CATEGORY / Fashion & Lifestyle TAGS / climate, fashion, fashion industry, metafabric Fractals LAB / Enerie DATE / February 4, 2022


Fabrics or garments that change according to weather conditions.


Respect and interest for environmental issues has been growing significantly in the last few years. Many industries are responsible for serious damage to the environment, including the fashion industry. In the article published in November “Top 5 bio textiles in fashion” we highlighted that  fashion industry is responsible for 20% of water pollution and harmful gas emissions into the air and the use of innovative and ecological solutions such as biofabrication are trying to change the environmental damage. The active response to external climatic conditions is not only dictated by factors of environmental sustainability, but also of human survival: according to the Migration Data Portal, environmental disasters, and therefore an inhospitable climate in which to live, caused more than 30.7 million migrations in 2020 alone. In this regard, the entire fashion industry is moving more and more actively to adopt environmentally friendly solutions: for example, by developing prototypes that react to the climate or by creating fabrics that can make their users think about climate change.

Scientists from China’s Zhejiang University and Westlake University (USA) have developed a new reversible fabric called Janus, which is able to change the temperature conditions of the wearer. This experimental fabric consists of layers of polymers and cotton fibers, designed with special structures and coatings. Worn on the warm side, the material is covered with zinc and copper nanoparticles, which absorb solar energy; flipping the t-shirt over to the cooling side, however, the fabric is covered with an extremely thin layer of aluminum. This surface looks like fabric, but the aluminum reflects light like a mirror, so all that solar energy that would be captured as heat bounces off the T-shirt. This layer is also porous, allowing steam to evaporate. The researchers claim the fabric is cheap to produce, concluding that wearing high-tech fabrics like Janus could save us significant greenhouse gas emissions from heating and cooling, making outdoor environments more conducive to living.


Practical and innovative fabrics like Janus are being considered the future for this environmentally friendly industry.

Guangming Tao of Huazhong University of Science and Technology in Wuhan, China, and his colleagues have developed what they call a “metafabric” by combining microscopic beads and fibers of titanium oxide, Teflon and a plastic called polylactic acid, all embedded in larger fibers. The concept is to keep one’s body temperature several degrees lower despite direct exposure to sunlight. This fabric is most effective when worn in contact with the skin, so it can capture the heat and start the cooling process. The team has shown that wearing metafabric even indoors can decrease body temperature by at least 2°, thus reducing the demand for air conditioning. Importantly, metafabric can be spun on bobbins, is more elastic than cotton and as strong as spandex. Therefore, existing commercial sewing machines can be used and for any clothing pattern without the need for special equipment or hand sewing.

Abacus Sportswear is a revolutionary golf apparel brand that uses high-performance waterproof fabrics. The brand has launched the “X-Series” collection, which promotes versatile, technologically advanced, climate-controlled garments. Designed with a temperature-regulating fabric that uses the new “37.5 technology” that helps maintain body temperature at the ideal 37.5 Celsius. When exposed to heat, active particles embedded in the material remove sweat in the vapor phase before it forms, cooling the wearer; in colder temperatures, the same active particles trap body heat to help warm the wearer. The 37.5 technology consists of coconut shell and volcanic sand incorporated into the fiber; together they create 800% more surface area to keep the wearer drier and performing better. Additionally, these properties are designed not to diminish as a result of washing, unlike many other breathable treatments.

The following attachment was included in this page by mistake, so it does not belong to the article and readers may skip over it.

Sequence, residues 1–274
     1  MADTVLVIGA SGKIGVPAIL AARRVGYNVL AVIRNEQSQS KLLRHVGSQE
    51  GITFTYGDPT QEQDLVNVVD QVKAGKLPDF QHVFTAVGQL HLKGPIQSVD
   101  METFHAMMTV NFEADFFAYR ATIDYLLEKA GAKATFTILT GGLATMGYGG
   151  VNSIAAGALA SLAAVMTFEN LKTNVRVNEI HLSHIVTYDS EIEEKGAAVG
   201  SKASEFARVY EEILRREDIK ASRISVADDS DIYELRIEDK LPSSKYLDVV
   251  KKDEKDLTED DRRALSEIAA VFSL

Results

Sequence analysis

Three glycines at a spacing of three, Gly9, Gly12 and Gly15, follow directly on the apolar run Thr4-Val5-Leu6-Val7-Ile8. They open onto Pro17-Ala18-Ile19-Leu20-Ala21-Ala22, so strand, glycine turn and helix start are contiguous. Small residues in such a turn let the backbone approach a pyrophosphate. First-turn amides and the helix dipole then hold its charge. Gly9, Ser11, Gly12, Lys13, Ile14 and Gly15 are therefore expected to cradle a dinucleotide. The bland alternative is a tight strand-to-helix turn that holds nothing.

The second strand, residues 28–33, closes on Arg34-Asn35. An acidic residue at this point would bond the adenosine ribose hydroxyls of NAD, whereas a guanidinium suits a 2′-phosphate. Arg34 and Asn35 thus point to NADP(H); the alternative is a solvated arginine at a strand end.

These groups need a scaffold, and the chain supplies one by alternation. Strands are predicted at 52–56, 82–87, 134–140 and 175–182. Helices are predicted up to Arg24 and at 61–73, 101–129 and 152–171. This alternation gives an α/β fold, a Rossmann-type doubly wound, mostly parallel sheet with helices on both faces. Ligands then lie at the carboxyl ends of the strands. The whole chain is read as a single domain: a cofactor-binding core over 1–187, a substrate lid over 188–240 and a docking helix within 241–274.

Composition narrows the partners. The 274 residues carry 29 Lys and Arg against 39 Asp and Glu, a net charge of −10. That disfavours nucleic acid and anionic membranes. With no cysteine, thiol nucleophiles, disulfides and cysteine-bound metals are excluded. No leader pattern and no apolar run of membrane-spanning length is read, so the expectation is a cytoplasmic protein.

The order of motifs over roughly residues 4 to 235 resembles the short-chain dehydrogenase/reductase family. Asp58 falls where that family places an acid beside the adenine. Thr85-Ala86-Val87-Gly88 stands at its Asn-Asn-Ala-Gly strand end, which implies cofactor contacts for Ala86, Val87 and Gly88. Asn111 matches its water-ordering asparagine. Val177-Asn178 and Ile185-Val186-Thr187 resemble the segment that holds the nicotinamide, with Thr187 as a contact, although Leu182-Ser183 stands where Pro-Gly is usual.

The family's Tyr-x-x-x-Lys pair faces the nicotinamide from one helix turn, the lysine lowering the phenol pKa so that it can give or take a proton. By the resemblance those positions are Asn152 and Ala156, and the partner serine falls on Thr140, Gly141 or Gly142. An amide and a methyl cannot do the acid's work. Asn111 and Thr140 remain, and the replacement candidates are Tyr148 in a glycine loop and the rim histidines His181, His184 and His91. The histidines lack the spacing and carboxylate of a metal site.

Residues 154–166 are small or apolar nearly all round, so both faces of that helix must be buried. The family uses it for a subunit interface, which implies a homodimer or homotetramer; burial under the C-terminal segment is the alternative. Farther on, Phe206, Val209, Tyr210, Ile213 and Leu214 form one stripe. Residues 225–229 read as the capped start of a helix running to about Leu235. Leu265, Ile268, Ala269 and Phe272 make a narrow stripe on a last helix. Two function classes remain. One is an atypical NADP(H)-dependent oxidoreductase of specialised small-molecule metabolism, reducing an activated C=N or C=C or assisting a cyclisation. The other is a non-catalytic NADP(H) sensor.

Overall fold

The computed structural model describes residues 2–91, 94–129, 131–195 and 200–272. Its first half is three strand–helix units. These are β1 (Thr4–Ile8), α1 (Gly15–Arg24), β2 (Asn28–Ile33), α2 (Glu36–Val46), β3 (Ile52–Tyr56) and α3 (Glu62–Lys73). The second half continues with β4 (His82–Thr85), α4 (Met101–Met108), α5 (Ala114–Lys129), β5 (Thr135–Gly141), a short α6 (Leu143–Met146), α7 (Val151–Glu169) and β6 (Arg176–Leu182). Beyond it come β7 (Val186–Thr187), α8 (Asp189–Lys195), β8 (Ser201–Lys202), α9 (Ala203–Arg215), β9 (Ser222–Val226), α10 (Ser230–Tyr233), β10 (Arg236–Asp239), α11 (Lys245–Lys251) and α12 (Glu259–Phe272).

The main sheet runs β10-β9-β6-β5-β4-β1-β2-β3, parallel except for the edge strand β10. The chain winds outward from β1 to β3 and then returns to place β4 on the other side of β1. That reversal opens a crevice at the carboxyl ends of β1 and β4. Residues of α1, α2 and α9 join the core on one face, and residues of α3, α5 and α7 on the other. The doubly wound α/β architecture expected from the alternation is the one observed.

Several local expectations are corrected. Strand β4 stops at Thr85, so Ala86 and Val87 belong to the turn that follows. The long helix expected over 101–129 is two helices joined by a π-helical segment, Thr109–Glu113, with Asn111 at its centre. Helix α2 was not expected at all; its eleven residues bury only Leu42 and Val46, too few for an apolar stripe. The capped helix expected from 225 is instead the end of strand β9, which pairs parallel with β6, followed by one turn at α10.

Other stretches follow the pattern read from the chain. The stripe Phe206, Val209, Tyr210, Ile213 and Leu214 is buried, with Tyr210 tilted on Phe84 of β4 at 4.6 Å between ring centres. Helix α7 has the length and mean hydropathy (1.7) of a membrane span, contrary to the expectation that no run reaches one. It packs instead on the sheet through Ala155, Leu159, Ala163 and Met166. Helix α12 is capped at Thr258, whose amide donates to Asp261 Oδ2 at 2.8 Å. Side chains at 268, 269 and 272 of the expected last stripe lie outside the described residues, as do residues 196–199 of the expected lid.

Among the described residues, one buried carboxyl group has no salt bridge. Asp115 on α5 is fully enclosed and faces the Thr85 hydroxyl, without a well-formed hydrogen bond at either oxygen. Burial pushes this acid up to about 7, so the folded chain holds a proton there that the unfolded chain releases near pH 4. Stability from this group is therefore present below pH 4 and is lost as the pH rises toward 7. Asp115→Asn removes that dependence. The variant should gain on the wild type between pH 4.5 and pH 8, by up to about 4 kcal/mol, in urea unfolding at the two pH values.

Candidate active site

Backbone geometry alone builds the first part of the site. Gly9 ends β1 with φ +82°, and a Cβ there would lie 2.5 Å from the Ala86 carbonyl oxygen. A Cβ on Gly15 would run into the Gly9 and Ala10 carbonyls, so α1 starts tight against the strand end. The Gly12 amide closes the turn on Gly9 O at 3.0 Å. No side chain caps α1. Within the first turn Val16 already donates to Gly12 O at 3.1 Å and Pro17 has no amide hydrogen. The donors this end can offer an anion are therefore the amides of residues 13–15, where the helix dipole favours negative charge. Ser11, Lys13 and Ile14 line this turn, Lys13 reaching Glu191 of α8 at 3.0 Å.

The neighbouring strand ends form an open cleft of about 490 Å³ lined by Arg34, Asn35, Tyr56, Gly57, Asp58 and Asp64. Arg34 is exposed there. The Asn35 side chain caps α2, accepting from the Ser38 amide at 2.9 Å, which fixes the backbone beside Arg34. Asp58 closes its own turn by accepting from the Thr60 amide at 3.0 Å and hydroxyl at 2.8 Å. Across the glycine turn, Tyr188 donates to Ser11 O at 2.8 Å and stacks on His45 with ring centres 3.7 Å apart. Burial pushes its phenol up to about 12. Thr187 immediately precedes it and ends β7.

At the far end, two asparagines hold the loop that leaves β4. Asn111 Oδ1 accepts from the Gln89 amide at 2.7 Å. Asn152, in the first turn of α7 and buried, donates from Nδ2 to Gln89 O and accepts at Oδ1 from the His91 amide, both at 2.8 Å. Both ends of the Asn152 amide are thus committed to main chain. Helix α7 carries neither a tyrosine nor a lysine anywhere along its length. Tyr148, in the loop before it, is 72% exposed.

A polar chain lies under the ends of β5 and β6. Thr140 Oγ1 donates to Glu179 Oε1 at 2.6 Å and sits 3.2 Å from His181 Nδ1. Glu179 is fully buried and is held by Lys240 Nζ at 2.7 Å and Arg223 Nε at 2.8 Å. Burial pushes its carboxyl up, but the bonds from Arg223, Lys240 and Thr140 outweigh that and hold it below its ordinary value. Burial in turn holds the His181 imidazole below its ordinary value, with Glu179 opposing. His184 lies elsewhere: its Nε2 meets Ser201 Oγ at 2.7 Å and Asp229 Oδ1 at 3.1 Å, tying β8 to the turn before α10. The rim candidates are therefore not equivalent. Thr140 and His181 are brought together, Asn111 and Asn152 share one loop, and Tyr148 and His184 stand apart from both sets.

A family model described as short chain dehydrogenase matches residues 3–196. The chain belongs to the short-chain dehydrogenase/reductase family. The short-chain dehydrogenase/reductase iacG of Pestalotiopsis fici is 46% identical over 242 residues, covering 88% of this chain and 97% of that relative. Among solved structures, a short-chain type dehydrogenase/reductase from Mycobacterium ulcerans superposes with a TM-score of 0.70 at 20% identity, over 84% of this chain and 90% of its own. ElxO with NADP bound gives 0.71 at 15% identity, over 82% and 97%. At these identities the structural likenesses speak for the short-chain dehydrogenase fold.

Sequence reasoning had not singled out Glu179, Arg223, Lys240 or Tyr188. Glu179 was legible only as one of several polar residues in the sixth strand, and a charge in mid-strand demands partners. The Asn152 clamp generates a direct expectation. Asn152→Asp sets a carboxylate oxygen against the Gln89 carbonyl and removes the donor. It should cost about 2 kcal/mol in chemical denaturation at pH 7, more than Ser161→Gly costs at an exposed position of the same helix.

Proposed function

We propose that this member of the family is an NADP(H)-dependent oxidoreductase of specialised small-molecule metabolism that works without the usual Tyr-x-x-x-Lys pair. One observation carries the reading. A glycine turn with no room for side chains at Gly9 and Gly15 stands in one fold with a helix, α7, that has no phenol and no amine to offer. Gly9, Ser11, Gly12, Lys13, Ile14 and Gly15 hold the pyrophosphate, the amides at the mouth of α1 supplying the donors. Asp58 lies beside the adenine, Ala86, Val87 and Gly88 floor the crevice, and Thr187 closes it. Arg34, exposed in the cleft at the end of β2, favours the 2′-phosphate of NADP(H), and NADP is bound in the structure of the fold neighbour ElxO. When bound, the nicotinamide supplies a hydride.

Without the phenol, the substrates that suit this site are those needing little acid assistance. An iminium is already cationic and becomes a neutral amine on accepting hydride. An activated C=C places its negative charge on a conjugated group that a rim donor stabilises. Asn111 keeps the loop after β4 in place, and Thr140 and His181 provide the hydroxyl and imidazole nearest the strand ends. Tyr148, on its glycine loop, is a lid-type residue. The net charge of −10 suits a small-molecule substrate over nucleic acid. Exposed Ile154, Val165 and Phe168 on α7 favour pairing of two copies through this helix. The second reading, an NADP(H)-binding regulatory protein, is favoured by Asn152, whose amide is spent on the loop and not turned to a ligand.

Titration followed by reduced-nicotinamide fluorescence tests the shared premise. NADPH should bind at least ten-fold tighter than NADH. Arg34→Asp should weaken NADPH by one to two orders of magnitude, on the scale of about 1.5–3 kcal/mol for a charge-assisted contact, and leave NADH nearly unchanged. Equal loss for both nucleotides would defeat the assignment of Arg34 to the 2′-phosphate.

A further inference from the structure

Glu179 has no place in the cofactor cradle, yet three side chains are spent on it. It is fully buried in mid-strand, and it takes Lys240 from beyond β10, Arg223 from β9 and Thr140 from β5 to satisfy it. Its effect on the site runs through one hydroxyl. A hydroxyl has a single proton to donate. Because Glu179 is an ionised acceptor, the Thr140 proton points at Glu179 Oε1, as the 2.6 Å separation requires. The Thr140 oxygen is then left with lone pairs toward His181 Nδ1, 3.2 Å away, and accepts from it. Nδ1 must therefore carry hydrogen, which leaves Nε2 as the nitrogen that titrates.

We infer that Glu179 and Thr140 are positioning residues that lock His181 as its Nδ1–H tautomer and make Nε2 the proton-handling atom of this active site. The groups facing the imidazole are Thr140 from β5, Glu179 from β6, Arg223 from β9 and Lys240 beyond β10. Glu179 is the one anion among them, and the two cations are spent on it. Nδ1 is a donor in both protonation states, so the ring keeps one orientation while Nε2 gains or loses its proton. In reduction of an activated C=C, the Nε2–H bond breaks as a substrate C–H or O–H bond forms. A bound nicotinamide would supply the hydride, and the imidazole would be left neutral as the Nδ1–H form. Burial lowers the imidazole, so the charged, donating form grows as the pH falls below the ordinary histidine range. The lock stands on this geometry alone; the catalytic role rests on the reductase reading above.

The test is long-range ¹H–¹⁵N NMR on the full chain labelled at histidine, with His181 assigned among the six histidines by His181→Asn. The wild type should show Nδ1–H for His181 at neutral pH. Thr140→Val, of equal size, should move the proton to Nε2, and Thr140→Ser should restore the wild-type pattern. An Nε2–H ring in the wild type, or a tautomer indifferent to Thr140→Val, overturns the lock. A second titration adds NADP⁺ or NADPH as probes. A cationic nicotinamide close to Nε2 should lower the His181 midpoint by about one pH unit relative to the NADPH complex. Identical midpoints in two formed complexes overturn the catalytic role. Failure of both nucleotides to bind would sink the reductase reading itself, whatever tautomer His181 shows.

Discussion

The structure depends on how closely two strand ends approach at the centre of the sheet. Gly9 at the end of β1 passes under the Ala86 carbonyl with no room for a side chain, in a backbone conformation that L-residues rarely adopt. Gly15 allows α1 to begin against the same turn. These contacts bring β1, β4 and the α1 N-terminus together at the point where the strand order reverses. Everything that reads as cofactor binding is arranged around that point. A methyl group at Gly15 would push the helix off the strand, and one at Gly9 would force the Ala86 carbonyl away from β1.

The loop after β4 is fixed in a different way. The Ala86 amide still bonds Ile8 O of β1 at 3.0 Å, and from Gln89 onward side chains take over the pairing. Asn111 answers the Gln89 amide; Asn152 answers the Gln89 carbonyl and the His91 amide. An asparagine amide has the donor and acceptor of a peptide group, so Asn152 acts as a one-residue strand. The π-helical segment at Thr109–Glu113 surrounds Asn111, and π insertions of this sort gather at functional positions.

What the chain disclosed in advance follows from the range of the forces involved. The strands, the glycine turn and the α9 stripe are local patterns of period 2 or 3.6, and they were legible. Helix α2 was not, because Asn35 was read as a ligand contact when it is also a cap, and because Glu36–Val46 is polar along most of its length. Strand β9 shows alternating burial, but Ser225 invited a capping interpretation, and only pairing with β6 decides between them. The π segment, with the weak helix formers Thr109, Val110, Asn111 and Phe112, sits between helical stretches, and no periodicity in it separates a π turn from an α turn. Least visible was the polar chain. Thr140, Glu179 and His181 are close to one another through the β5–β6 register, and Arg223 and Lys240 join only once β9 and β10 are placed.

Modernature is a brand that creates innovative, temperature-regulating garments with the goal of supporting the environment: Its creations are composed of a revolutionary fabric called Volcanxx® that uses the best technology along with natural materials to adapt to the wearer’s body temperature. The fabric uses “37.5 technology” combined with other components such as volcanic sand, beech pulp and spandex. This combination offers the best features built into a fabric to maximize temperature regulation at an affordable price.

Raw Color is a design studio that handles projects and commissions ranging from graphic design to photography and product design for a variety of brands. Raw Color’s driving force is a commitment to color, specifically how it can shape and influence our surroundings. Related to this is the “Temperature Textiles” project, a range of highly colorful knitted textiles such as blankets, scarves and socks adorned with graphics about climate data. Once the products capture attention, they can then inform the user or push them to learn more. The project is divided into three categories that include temperature change, sea level rise and emissions – three main factors that are results of global warming. The graphs on the blanket illustrate observed and projected sea level rise from 2000-2100, while the socks run from 2020-2050. The colors on the blanket represent emissions in warm and cool tones, and the graphs are based on climate data; likewise, the scarf and blankets feature graphs denoting how global temperatures increase dramatically if emissions are not reduced.


Have you seen other examples of “climate fashion”? Write them in the comments!

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